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US aircraft moved due to weather, runway issues during war games in S. Korea

Two U.S. Air Force B-1B Lancers assigned to the 37th Expeditionary Bomb Squadron, deployed from Ellsworth Air Force Base, South Dakota, flew from Andersen Air Force Base, Guam, for a 10-hour mission, flying in the vicinity of Kyushu, Japan, the East China Sea, and the Korean peninsula, Aug. 7, 2017 (HST). During the mission, the B-1s were joined by Japan Air Self-Defense Force F-15s as well as Republic of Korea Air Force KF-16 fighter jets, performing two sequential bilateral missions. These flights with Japan and the Republic of Korea (ROK) demonstrate solidarity between Japan, ROK and the U.S. to defend against provocative and destabilizing actions in the Pacific theater. (Courtesy photo)
December 08, 2017

Bad weather and a temporary runway closure forced the Air Force to move U.S. fighter jets and Warthogs to a South Korean base Thursday during joint war games that have raised tensions with North Korea.

F-16 and A-10 aircraft were being relocated from Osan Air Base to the South Korean base at Gwangju “due to adverse weather conditions,” while the F-35s and F-16s were moved to Gwangju due to a runway problem at Kunsan, the 7th Air Force public affairs office said in an email.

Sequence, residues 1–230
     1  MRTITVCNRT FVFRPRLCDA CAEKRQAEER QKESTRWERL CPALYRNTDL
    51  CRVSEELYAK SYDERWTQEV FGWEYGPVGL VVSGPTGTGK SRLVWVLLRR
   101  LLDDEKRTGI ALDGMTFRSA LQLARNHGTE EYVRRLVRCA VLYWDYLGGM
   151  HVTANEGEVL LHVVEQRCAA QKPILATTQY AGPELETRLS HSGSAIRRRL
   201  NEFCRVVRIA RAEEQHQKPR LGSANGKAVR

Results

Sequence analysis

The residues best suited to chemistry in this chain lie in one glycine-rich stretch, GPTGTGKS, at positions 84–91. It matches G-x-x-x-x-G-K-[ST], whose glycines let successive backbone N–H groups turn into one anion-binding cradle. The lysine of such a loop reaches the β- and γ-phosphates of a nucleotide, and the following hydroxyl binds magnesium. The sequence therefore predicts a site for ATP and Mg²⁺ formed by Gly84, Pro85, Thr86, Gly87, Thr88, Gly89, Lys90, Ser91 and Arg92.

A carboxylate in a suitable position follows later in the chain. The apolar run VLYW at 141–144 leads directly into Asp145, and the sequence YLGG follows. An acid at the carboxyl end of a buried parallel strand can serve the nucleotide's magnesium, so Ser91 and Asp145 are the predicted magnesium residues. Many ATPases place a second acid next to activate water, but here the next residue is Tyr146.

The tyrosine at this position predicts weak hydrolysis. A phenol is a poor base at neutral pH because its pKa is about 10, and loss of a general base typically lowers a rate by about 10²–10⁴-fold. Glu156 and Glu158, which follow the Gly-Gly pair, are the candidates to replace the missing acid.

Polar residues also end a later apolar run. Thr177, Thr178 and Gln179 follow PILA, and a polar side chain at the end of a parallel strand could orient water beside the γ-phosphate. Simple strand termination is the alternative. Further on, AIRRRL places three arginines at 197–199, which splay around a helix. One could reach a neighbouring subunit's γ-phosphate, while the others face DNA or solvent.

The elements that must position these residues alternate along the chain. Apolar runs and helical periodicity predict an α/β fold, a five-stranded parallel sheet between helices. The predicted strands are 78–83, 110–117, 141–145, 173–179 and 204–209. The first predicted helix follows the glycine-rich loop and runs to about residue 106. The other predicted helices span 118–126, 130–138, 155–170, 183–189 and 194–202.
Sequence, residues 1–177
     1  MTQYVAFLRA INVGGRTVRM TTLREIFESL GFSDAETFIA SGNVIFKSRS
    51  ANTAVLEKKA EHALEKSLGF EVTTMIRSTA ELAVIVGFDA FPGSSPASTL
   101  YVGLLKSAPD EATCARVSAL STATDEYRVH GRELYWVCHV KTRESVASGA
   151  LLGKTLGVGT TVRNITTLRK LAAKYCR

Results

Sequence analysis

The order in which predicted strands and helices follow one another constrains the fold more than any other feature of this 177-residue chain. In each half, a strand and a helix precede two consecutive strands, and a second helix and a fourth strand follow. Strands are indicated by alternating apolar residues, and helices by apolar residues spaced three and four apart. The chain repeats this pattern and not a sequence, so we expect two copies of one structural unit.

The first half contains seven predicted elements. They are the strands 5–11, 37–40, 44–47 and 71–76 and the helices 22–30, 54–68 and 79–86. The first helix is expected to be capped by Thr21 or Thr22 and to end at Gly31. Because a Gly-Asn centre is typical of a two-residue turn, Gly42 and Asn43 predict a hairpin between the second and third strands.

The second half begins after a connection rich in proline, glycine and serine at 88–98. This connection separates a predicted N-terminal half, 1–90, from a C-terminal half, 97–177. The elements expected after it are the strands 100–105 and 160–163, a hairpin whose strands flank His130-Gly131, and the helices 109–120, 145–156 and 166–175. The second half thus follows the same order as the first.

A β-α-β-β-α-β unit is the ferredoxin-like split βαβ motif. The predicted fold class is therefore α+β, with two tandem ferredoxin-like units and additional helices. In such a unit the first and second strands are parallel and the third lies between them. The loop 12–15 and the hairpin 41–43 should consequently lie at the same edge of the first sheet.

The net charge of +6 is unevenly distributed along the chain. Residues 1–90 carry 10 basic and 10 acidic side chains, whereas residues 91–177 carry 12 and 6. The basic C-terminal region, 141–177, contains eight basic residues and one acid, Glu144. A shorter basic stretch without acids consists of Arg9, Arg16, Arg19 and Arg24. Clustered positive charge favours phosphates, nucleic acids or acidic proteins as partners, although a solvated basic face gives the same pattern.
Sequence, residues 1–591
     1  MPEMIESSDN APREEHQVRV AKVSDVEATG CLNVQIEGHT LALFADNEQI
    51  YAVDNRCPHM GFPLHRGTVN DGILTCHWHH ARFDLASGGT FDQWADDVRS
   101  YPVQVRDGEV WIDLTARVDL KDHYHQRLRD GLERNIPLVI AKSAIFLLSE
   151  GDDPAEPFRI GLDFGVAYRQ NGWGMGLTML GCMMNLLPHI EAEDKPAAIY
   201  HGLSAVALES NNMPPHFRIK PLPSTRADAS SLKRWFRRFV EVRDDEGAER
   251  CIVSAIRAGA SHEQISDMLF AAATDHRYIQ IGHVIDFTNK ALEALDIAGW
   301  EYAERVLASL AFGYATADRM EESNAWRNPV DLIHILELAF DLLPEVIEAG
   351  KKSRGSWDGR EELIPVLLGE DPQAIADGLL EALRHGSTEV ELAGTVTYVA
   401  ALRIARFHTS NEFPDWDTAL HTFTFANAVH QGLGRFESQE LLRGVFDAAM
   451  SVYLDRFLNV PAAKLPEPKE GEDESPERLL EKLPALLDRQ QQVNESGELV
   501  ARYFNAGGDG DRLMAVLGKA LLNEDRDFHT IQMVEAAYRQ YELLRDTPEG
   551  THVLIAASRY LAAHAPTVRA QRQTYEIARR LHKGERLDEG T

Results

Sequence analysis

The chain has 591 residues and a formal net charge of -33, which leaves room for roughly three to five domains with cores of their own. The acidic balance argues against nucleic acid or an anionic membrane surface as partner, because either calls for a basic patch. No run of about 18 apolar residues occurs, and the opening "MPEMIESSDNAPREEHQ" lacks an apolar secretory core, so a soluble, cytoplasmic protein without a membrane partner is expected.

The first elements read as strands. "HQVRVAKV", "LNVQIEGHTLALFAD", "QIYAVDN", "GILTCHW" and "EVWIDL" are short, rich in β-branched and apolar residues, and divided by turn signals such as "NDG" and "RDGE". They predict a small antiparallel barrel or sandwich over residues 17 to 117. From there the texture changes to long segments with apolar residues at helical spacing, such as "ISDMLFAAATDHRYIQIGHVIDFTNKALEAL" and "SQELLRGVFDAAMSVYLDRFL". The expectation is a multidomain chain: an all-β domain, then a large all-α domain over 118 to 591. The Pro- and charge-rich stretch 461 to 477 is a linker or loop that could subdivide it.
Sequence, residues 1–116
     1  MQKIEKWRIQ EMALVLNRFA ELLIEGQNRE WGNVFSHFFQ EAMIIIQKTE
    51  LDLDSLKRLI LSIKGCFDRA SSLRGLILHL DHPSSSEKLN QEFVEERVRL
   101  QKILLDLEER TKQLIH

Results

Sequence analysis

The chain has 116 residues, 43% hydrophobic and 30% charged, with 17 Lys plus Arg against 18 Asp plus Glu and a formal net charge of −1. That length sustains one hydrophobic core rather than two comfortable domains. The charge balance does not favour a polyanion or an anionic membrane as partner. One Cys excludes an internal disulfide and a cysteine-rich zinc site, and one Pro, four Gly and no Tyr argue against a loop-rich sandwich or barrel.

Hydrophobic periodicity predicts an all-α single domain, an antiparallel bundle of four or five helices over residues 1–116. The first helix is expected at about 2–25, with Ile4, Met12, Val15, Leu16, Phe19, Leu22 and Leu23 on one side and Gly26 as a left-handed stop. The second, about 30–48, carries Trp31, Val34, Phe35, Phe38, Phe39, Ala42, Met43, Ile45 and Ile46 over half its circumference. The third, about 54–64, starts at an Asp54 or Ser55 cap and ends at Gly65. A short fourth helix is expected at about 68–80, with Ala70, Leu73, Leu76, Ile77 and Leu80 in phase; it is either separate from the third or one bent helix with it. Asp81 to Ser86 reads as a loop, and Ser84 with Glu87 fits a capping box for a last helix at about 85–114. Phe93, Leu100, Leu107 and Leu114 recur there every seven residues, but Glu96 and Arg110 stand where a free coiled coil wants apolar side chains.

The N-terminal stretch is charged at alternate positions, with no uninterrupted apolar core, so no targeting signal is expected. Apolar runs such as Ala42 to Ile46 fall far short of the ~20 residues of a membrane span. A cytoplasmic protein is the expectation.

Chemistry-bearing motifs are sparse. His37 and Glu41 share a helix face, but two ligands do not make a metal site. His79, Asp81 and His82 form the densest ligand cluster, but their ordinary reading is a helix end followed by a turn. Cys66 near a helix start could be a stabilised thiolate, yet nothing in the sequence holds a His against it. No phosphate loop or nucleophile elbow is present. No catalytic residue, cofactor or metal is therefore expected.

The war planes are participating in the annual military exercise known as Vigilant Ace, but the Air Force said flying operations weren’t disrupted by the move.

The runway at Kunsan was closed temporarily after an F-16C assigned to the 8th Fighter Wing “experienced a ground emergency affecting the integrity of its landing gear” while taxiing, Capt. Chris Mesnard, a spokesman for the fighter wing, said separately.

“As a safety precaution the aircraft was stopped immediately to assess the situation and avoid any damage to the aircraft and runway – resulting in the temporary closure of our runway. Once the aircraft was removed, normal flying operations resumed,” he said.

Mesnard stressed the incident “in no way impacted our real-world readiness to launch and receive combat aircraft.”

The announcement came after Fox News reported that two B-1B supersonic bombers were supposed to fly over South Korea on Wednesday in a show of force against the North, but only one made the trip after the other reported a maintenance issue while taxiing to the runway.

Pacific Air Forces didn’t immediately reply to a request for comment on the report.

In another glitch, an F-22 Raptor had to be towed after landing on the runway at Gwangju, 170 miles south of Seoul, as the drills began on Monday, but the Air Force said an inspection later found no problems with the aircraft.

More than 200 aircraft and 12,000 U.S. personnel, along with South Korean airmen, are participating in the drills, which were scheduled to be held on eight U.S. and South Korean military installations.

Pyongyang has denounced the exercise as it usually does, warning the joint drills are pushing the two sides to the brink of a nuclear war.

Some 28,500 U.S. servicemembers are based on the divided peninsula as the two Koreas remain technically at war after their 1950-53 conflict ended in an armistice instead of a peace treaty.

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